Cape Cod Without the Crowds
In spring, fall, and winter, America's original vacationland can be enjoyed on a mere shoestring--and without the crowds that mar it in summer
Who says Massachusetts' renowned Cape Cod is worth visiting only in summer? When it can be overpriced, and traffic along the area's two-lane roads unbearable? When motels and B&Bs are often sold out months in advance, and the crowds basking on the Cape's expansive and usually pristine beaches can be maddening? When the very flavor that has made this region such a tourist draw is often lost in the shuffle? From Labor Day through Memorial Day weekend, things calm down and return to normal. Prices decline (room rates are 30-60 percent less than they are in peak season). Reservations are easier to come by. And - contrary to popular belief - once fall and winter set in, the Cape doesn't just shut down.
As the summer throngs slow to barely a trickle, and traffic becomes a non-issue, many discerning visitors believe the area's at its best. Because the Cape is surrounded by the Atlantic, temperatures tend to be milder and snow less of a concern - even in the dead of winter - than in other parts of New England (average high temperatures don't fall below 37[degrees]F in Hyannis). The only thing you give up, really, is baking on a hot beach (for which your dermatologist will thank you).
Provincetown & the Outer Cape
Imagine walking along a deserted beach, just you and someone special - and maybe a few terns and seagulls. You're bundled up against the crisp, fresh salt air, and the only human footprints on the beach are yours. As the sun sets in the Atlantic, the sky a palette of mauves, pinks, oranges, and violets, you contemplate a hearty dinner in a cozy dining spot next to a blazing fireplace, followed by some tavern hopping where you can rub shoulders with local fishermen, artists, and other townsfolk from all walks of life.
Sounds appealing? Then make Provincetown your off-season Cape base of operations. Although it's at the northern tip of the Cape, it can serve as a good focal point for your wanderings and day trips. And if you decide to stay put, there's plenty to keep you occupied in the area, especially if you love nature, great seafood, and peace and quiet.
Much of what's special about this artists' colony and fishing port is free of charge. The sunsets, for example: thanks to the curve of the Cape, this is one of the few places on the East Coast where you can watch the sun dissolve into the ocean. A good vantage point is Herring Cove Beach, where locals gather even in winter to watch the sky turn the most amazing colors.
Many motels and B&Bs in town stay open for all or part of the off-season. Year-round options include the six-room, two-apartment Windamar House (568 Commercial St., 508/487-0599; from $60), a well-kept B&B 15 minutes' walk from the town center; the five-room Three Peaks (210 Bradford St., 800/286-1715, from $60); the traditionally furnished, 13-room Captain Lysander Inn (96 Commercial St., 508/487-2253, from $65), in a former sea captain's house; or the admirable Inn at Cook Street (7 Cook St., 888/266-5655, from $65). For something slightly farther down-Cape, the recently renovated 65-room South Wellfleet Motel & Lodge in the also-charming town of Wellfleet (170 Route 6, 508/349-3535, from $60) offers modern conveniences and a coffee shop with cooked-to-order breakfasts. Provincetown Reservations Systems (800/648-0364) can suggest other possibilities.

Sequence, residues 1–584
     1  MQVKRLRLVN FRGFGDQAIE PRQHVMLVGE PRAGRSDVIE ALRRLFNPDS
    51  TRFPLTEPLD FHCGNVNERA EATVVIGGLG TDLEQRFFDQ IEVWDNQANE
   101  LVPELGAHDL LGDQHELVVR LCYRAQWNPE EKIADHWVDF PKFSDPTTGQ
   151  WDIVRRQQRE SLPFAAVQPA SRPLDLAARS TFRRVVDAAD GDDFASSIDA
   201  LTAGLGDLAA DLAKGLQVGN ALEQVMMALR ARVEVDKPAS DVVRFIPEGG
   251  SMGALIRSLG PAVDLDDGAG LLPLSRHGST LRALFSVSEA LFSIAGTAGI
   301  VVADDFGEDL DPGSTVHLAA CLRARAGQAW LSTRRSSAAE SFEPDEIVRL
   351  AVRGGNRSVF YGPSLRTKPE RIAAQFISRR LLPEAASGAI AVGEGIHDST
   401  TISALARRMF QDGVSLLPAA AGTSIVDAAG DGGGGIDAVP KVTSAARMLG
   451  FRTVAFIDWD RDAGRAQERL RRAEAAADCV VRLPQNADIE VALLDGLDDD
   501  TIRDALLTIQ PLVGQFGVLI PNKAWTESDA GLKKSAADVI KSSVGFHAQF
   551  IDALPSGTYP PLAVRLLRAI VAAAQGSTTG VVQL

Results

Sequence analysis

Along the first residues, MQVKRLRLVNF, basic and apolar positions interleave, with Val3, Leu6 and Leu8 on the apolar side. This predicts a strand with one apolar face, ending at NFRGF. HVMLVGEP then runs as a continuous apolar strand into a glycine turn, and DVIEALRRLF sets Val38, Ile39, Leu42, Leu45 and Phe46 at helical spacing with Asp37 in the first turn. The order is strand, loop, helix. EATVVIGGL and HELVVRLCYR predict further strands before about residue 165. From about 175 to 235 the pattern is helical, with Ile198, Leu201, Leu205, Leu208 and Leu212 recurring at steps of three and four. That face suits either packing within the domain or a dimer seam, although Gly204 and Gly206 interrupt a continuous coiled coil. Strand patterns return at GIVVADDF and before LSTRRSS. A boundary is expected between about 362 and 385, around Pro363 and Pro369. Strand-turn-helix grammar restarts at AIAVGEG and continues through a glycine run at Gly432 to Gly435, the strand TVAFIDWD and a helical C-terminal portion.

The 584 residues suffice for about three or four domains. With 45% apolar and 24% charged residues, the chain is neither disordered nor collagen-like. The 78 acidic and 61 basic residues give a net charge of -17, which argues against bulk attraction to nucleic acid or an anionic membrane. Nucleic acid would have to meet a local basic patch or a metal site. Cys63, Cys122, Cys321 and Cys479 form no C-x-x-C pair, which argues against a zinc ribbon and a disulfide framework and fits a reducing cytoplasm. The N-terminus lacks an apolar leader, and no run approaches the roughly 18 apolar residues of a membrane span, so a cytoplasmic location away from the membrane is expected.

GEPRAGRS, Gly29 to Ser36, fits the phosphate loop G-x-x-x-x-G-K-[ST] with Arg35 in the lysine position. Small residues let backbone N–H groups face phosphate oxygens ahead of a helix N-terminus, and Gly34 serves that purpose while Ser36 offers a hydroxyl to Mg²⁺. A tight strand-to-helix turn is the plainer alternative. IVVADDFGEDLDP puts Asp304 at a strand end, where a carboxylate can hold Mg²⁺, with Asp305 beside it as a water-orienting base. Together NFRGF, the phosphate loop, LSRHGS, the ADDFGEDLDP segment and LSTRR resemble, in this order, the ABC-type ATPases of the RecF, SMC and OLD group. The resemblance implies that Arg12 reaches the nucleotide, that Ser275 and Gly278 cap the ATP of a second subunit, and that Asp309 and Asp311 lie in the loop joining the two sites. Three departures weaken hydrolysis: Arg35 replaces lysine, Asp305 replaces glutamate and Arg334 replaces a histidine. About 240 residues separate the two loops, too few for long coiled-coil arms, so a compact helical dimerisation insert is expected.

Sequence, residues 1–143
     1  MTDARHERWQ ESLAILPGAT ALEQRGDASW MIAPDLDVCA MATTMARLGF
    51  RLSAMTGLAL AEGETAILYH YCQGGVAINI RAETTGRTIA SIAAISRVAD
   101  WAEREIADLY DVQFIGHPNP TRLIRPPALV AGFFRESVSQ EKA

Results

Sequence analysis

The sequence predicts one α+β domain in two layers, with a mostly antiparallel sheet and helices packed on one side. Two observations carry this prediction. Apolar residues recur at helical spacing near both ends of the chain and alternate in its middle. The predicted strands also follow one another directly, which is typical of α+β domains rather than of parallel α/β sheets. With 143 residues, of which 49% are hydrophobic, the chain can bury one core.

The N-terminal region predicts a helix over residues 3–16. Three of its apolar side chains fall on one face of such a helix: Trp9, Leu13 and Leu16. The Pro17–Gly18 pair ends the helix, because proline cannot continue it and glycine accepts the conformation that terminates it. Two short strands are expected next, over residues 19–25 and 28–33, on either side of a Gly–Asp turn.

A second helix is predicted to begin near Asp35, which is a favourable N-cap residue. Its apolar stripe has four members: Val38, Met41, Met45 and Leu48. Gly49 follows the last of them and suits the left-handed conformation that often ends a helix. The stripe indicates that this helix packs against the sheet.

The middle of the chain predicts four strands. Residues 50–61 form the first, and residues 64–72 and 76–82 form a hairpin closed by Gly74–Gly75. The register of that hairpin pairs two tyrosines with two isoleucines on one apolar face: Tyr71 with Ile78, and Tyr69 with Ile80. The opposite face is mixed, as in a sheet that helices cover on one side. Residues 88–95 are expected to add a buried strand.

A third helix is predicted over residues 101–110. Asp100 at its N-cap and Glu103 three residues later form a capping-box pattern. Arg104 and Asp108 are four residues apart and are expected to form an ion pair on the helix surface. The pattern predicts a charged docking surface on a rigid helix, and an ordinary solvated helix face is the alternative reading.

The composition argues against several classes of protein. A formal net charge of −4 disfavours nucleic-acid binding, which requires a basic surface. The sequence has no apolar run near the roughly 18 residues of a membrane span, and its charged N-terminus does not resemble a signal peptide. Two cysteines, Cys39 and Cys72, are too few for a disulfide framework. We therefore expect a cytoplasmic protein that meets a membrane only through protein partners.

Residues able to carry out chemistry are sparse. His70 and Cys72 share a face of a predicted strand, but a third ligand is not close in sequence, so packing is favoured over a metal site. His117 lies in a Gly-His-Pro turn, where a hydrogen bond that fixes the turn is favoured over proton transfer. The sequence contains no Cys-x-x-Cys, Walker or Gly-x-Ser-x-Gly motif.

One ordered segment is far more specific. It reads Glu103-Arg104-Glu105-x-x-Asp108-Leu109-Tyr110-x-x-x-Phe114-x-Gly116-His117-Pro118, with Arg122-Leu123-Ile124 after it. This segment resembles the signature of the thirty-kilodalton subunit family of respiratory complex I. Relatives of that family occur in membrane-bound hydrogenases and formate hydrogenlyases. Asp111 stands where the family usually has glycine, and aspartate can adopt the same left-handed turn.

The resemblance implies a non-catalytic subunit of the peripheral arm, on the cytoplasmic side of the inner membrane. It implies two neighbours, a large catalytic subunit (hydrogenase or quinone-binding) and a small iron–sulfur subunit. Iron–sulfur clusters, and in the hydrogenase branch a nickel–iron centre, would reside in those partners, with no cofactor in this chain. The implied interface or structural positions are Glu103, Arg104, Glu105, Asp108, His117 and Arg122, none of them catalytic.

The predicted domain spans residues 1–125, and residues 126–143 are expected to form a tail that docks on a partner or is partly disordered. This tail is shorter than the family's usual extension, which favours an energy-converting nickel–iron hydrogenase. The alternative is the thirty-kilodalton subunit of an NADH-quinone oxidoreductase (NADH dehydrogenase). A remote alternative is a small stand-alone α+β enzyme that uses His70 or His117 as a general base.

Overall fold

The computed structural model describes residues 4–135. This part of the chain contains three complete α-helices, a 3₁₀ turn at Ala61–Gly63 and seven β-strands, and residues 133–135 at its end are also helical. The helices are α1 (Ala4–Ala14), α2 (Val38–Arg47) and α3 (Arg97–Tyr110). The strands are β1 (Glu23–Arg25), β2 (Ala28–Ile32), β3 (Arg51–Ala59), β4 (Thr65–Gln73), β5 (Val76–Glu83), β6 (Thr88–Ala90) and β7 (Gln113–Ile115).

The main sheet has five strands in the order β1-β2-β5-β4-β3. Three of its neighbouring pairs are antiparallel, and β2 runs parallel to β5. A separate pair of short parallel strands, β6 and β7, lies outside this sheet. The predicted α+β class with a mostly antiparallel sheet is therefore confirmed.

Unfortunately, Provincetown's most visible landmark, the Pilgrim Monument, is closed from December to March. But its most impressive natural feature, the Cape Cod National Seashore, is open year-round and you'll probably have it all to yourself in the off-season. The terrain is truly stirring, perhaps unlike anything you've seen - picture towering sand dunes and twisted scrub pines with Atlantic whitecaps as backdrop. The seashore's 40 miles of bicycle trails can be explored by bike, foot, or in-line skates (the Cape Cod Chamber of Commerce at 508/862-0700 or 888/33-332-2732 can provide a biking map and more information). Bird-watchers will enjoy the town's Beech Forest reservation (the entrance is located off Race Point Road, not far from Route 6). The many unique local shops and galleries offer rainy-day entertainment and - if you hit it right-some off-season bargains.
All that walking and salt air is sure to stir your appetite. Many of the more economical dining options close off-season, but an excellent bet remains the plain and homey Lobster Pot (321 Commercial St., 508/487-0842, entrees from $5.95), right on the waterfront. A good deal but a bit more of a splurge, Napi's (Freeman & Standish Streets, 508/487-1145), is a large and rustic eatery done in an arts-and-crafts style, with a huge, eclectic menu, a fireplace aglow in the cooler months, and early-bird specials such as asparagus ravioli for $10.95. Both serve lunch and dinner.
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